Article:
The summer was pretty good to us. The S&P 500 (NYSEARCA:SPY) is up 9.5 percent in the last three months in a quarter with a fairly consistent upward trend and very low volatility. The average daily fluctuation of the S&P 500 over the last three months was 0.62 percent, less than half of the 1.40 percent average daily fluctuation during the same time last year. With more quantitative easing on the way, we can hope for this upward trend to continue, but many investors, including myself, fear that a bear run could make an arrival as the United States nears a "fiscal cliff" and faces a chance at a recession.
The stock market has a high valuation on it right now. According to Yahoo Finance, he average P/E ratio of the S&P 500 is 16.49, up from 14.96 at the beginning of 2012. Earnings on the whole have met expectations this year. In addition, many S&P 500 companies are reaching record high profit margins, which is normally a mean reverting statistic. This all means that a 4 to 7 percent correction could likely happen this quarter, especially if there is sup-par market data or a widespread earnings miss. Based on this information, I have 3 recommendations.
1. Precious Metals
In my Summer Investing Strategies article, I recommended buying silver through ETFs. Since its publication, the iShares Silver Trust (NYSEARCA:SLV) is up 17.26 percent. It went up a lot faster than I thought it would go up, but there is still a little room for profit. With the potential corrections and macroeconomic issues that face us, I believe having a good chunk of your portfolio in precious metals is a good idea right now. The SPDR Gold Trust (NYSEARCA:GLD) may also be a good investment. Gold is pretty high as it hovers around $1738 per troy ounce, but any kind of panic can put it back up around the $1900 level that we saw last year. Silver outperformed gold by over 10 percent in the last quarter, which I mentioned was likely since the two are very highly correlated and gold was outperforming silver for over a year. Buying a gold or silver ETF may be a good idea if you don't already have a position in your portfolio, but don't expect to make a fortune on your investment since both metals are quickly closing in on their all time highs.
2. Low Beta Blue Chips
I've been a fan of low beta blue chips for over a year. On the whole, they have strongly outperformed the market, but were crushed by the market over the last three months. This is to be expected as the bull market that we've seen will not have as much of a pull on low beta stocks as it will on financial stocks with betas that can be as high as 3. With a potential bear market approaching, I believe low beta blue chips are good holds. I suggest that people heavily invested in technology and finance stocks allocate at least some of their portfolio with blue chips. I believe that Procter & Gamble (NYSE:PG) is a good example of what to look for in a low beta stock. The stock has a beta of 0.45 and a 56 cent quarterly dividend, which is 60 percent higher than its dividend 5 years ago when shares were trading around the same price.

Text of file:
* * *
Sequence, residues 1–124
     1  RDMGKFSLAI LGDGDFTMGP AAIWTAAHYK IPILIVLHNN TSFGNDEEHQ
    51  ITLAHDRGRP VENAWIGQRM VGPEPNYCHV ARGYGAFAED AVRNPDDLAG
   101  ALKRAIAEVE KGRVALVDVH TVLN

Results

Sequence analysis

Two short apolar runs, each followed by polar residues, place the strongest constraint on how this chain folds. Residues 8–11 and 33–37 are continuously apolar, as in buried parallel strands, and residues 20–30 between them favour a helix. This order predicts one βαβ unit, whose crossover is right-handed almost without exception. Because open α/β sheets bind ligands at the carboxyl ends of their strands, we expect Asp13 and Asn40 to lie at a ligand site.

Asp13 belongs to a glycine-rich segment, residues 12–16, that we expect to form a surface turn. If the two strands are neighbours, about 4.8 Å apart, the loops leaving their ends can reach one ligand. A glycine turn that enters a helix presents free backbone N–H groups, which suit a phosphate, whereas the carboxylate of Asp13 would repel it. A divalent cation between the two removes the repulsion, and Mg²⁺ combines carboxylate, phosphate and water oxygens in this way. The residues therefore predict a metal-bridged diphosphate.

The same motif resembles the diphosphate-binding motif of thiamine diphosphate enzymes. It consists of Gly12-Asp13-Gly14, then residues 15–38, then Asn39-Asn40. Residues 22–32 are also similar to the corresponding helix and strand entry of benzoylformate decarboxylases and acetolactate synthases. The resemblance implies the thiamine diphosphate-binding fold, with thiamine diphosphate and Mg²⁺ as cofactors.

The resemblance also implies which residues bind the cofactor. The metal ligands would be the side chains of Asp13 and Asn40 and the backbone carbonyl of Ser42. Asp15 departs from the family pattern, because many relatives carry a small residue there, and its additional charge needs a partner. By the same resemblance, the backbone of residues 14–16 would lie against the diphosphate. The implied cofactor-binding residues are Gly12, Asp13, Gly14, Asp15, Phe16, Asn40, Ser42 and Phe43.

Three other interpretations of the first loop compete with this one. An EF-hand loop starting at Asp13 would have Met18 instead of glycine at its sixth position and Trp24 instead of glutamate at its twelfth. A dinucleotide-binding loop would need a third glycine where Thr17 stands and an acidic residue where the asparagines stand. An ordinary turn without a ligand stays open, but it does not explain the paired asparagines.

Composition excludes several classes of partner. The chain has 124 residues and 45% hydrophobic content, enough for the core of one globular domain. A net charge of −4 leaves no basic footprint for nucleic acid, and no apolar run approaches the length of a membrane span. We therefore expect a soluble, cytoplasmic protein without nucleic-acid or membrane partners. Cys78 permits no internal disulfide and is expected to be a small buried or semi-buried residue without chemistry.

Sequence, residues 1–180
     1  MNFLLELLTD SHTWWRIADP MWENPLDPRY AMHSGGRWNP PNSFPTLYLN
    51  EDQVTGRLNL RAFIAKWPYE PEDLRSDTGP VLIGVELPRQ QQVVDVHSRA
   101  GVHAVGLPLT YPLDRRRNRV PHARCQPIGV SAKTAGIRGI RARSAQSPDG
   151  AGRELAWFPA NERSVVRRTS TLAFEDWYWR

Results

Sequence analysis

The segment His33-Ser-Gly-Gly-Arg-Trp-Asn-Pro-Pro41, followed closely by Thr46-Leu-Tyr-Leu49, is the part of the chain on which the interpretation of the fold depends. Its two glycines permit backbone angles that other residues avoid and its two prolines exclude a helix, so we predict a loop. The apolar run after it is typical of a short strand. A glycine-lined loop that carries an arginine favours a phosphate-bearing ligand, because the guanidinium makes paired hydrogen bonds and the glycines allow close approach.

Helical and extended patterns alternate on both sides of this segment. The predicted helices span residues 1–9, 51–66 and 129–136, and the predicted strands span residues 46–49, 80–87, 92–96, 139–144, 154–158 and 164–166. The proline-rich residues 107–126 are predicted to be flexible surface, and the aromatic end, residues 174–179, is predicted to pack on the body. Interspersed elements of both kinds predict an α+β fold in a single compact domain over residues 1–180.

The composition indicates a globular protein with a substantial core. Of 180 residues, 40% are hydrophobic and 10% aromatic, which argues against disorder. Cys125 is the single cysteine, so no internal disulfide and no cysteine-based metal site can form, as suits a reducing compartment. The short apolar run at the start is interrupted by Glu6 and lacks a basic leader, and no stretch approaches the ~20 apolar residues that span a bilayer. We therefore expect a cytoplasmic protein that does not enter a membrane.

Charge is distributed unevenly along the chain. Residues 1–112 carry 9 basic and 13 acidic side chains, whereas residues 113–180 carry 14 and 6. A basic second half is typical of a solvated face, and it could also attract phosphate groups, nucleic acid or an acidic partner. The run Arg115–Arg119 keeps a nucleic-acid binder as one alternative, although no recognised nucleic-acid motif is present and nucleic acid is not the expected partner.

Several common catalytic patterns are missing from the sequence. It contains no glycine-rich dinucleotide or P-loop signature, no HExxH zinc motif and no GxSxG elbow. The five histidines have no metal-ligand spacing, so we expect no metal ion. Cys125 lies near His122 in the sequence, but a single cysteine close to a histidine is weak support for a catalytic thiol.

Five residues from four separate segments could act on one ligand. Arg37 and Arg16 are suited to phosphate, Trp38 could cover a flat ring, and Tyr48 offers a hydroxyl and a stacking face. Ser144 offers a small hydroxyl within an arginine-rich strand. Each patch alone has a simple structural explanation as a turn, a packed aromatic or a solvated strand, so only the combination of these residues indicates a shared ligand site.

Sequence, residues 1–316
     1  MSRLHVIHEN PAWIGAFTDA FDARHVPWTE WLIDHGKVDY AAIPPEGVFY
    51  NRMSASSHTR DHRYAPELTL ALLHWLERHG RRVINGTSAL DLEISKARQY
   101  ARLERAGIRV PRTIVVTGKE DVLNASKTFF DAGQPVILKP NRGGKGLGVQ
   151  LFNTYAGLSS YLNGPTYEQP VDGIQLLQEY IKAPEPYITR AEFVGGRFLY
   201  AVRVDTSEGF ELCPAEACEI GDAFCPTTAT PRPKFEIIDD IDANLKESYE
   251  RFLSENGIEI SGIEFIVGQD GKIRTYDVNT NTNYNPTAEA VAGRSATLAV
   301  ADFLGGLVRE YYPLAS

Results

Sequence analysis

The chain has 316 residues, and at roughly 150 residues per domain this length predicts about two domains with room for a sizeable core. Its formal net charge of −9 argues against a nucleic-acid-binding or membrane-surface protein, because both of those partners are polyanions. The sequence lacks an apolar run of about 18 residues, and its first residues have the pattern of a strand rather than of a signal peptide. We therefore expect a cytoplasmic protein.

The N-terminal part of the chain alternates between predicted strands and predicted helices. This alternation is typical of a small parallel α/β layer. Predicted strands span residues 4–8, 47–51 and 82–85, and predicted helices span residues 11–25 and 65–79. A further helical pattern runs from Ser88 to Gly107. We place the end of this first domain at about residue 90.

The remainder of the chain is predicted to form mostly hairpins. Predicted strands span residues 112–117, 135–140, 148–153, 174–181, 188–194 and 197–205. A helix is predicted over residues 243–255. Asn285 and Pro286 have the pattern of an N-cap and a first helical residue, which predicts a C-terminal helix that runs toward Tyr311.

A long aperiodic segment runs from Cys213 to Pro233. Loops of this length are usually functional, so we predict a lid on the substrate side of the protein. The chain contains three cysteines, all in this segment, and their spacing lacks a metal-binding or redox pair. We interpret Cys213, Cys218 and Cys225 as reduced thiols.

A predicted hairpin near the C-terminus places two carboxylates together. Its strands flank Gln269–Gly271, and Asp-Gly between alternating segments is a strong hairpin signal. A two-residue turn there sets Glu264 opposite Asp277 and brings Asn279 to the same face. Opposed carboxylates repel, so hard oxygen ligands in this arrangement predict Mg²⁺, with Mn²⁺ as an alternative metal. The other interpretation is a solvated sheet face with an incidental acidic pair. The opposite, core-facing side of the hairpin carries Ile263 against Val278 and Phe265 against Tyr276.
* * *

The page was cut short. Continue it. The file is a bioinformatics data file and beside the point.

3. Acquisition Targets
When large cap companies have high profit margins, they tend to make more acquisitions. Surprisingly enough, large cap companies are also likely to make more acquisitions in the midst of a bull market. The strong stock market performance over the last three months will definitely spark some big mergers and acquisitions in the next few months. Some notable examples have already taken place in August. Best Buy (NYSE:BBY) might get bought out by its founder, Hertz (NYSE:HTZ) bought Thrifty (NYSE:DTG) for $2.3 billion, Aetna (NYSE:AET) bought Coventry (CVH) for $5.6 billion, and there is a potential American Airlines (AAMRQ.PK) and US Airways (LCC) merger in the works.
For individual investors, acquisition speculation is a very difficult and inexact guessing game, but it may be worth a try. As long as the companies you speculate on are fundamentally sound even if an acquisition does not take place, you will probably not get burned. A good example of a speculative buy would be the unprofitable Molina Healthcare (NYSE:MOH), a Medicaid specialist. With the health care reform implementation underway, larger health care companies will look to beef up their offerings. The company is also expected to revert to profitability in 2013 and the stock will probably have nice gains if the company can stay profitable.
I expect the next three months to be worse than the previous three, but I don't believe it's time to completely abandon ship. However, I believe it is a good time to look through your portfolio and close out any positions in equities that could drop 20 to 30 percent in economically unstable conditions. Now is a time to diversify, mitigate risk, and experiment with low-risk ideas. After fees and tax implications, the bearish market that I expect is not enough to spark a selloff.